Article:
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The growing trend of governments around the world introducing presumptive legislation to provide compensation to chronically ill firefighters is a welcome development for those needing treatment and their families.

However, presumptive legislation only deals with the problem after it’s too late. It does not address the core issue of better managing preventative maintenance and decontamination of PPE/PPC to reduce, or even eliminate exposure.



There is an increasing level of recognition around the world that firefighters are being exposed to particulate and other contaminants with a clear direct link to a number of chronic illnesses, including some cancers.

Various studies have shown a high level of probability that particulate can collect on firefighting PPE causing the user repeated exposure to harmful contaminants.

Further Reading

Firefighter research shows PPE exposure risk, Stull, Jeffery & Stull, Grace.

QFES Firefighter Exposure Study, QFES Research & Scientific Branch

Cardiovascular & Chemical Exposure Risks in Modern Firefighting, Illinois Fire Service Institute, University of Illinois


What is Presumptive Legislation?

The presumptive legislation that has been introduced in the majority of states and territories of Australia (as well as parts of the USA, Canada, and Europe), reverses the onus of proof so that firefighters who have been diagnosed with certain conditions no longer have to demonstrate that they contracted the condition during the course of their work to access compensation. As long as they meet certain criteria, such as length of service, it is presumed that they developed the condition due to exposure while performing their duties.


The Key Issue: Reducing Exposure Without An Explosion of Expenses

Presumptive legislation is certainly helpful to those who have developed a condition, however, the preferable course of action is to work towards reducing exposure in the first place.

The studies that have identified the problem of repeated exposure, mostly recommend changes to fire ground management of contaminated PPE and more frequent laundering. It is the latter that presents a challenge for organisations managing their PPE stock.

More frequent laundering not only creates an increase in laundering costs, it dramatically reduces the effective lifespan of PPE creating an increase in replacement costs. While you can’t put a price on the health and well-being of workers, it is necessary for organisations to start looking beyond traditional laundering and look far more closely at ways to more efficiently decontaminate and manage their PPE/PPC stock.

Here is an excerpt from an IDS presentation to a state fire authority that effectively describes the dilemma:

“IDS has been working with various fire services for 10 years. In that time, the average number of washes per garment in circulation has increased from .8 times per annum in 2010, to 1.8 times per annum in 2013 to around 3.2 times per annum currently. While this increase is helpful in addressing the contamination issue, at 3.2 times per annum fire fighters are still only laundering their PPE after every 10-15 fire exposures (based on indicative numbers of fires fought on average per annum).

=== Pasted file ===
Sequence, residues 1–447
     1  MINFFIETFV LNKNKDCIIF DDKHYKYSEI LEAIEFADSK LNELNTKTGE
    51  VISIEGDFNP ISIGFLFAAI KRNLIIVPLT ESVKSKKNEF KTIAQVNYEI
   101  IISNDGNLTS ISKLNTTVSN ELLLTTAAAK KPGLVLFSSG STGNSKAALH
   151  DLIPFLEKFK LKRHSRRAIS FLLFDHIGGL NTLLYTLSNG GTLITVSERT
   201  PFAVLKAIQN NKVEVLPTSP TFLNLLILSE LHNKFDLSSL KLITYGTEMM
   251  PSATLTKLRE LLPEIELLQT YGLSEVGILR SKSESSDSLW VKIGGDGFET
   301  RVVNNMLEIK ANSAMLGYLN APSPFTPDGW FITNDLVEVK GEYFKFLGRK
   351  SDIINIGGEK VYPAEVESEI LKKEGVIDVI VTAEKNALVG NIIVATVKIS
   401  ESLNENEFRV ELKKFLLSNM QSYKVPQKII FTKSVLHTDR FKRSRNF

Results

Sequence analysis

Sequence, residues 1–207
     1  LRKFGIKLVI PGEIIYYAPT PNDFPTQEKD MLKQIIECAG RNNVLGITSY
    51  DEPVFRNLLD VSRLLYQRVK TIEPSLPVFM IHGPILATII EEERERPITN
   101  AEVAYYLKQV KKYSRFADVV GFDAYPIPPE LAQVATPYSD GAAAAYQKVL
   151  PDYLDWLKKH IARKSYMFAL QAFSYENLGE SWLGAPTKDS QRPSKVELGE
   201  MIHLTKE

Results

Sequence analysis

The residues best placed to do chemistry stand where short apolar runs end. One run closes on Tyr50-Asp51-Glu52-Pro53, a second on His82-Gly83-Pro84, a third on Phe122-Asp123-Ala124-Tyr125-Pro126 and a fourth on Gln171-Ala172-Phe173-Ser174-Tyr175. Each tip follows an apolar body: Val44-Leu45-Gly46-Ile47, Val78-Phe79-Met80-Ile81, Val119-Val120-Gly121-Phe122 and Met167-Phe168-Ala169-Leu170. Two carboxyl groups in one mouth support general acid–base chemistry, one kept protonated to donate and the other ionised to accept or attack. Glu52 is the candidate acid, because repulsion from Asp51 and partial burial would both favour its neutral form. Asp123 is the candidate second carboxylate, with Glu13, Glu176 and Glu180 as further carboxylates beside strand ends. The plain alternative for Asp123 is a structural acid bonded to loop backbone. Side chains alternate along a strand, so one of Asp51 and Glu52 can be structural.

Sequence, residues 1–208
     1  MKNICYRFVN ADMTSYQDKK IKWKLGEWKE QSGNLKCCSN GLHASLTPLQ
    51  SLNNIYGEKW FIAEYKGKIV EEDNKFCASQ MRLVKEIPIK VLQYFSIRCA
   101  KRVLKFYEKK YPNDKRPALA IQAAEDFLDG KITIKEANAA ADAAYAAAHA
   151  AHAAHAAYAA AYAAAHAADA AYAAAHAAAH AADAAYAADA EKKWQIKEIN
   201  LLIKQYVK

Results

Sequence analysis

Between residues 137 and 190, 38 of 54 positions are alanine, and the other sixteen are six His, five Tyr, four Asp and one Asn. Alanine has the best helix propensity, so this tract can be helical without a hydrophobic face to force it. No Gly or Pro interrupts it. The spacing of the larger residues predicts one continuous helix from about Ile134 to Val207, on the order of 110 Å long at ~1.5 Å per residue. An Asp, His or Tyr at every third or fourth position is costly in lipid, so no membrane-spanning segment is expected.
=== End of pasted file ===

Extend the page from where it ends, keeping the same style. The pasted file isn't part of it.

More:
In other words, if we were to launder after every fire exposure, fire services’ laundry frequency would increase tenfold or more.

An additional factor is the determination of the expected life of a garment. How long should a structural ensemble last?

Most manufacturers are providing around 5-year warranties which is based upon the garments being washed 5 times per annum for a total of 25 washes. Many manufacturers are also advocating having a maximum number of wash cycles before a garment should be replaced. This thinking is all based around the laundry results of existing commercial laundry processes. Our own laundry trials have clearly shown that structural fire garments can be damaged to the point that they no longer provide protection in a live fire situation after only 12 washes in a commercial laundry. The best commercial process we have identified can launder a garment around 27 washes before it is damaged.

On this basis if we wash garments after every fire using a commercial wash process, then garments will need to be replaced every 6-8 months.”


There are also a couple of further complications presented by going down the path of simply ‘washing more often’ using traditional commercial laundering techniques:

  • In Australia, standards suggest that laundries use a minimum wash temperature of 74°C for sanitisation. However, most manufacturers of PPE/PPC specify maximum wash temperatures that are generally under 48°C to avoid damaging the item (this is consistent with testing we have done here at IDS).
  • More frequently laundering logically means that more PPE will be in transit or at the laundry at any given time meaning a necessity to carry higher stock levels to ensure availability.



Over the last twenty years, there has been a growing recognition that the hazards faced by firefighters are not always immediate and clearly visible.

Many are microscopic and insidious.

This in turn has created a greater awareness that PPE Is not 100% impervious and much more attention is required when it comes to effective decontamination and maintenance of PPE.

However, at IDS we believe the answer is not simply more frequent laundering. Much smarter thinking is required around decontamination processes and managing stock to prevent exorbitant cost blowouts while still effectively protecting our firefighters.

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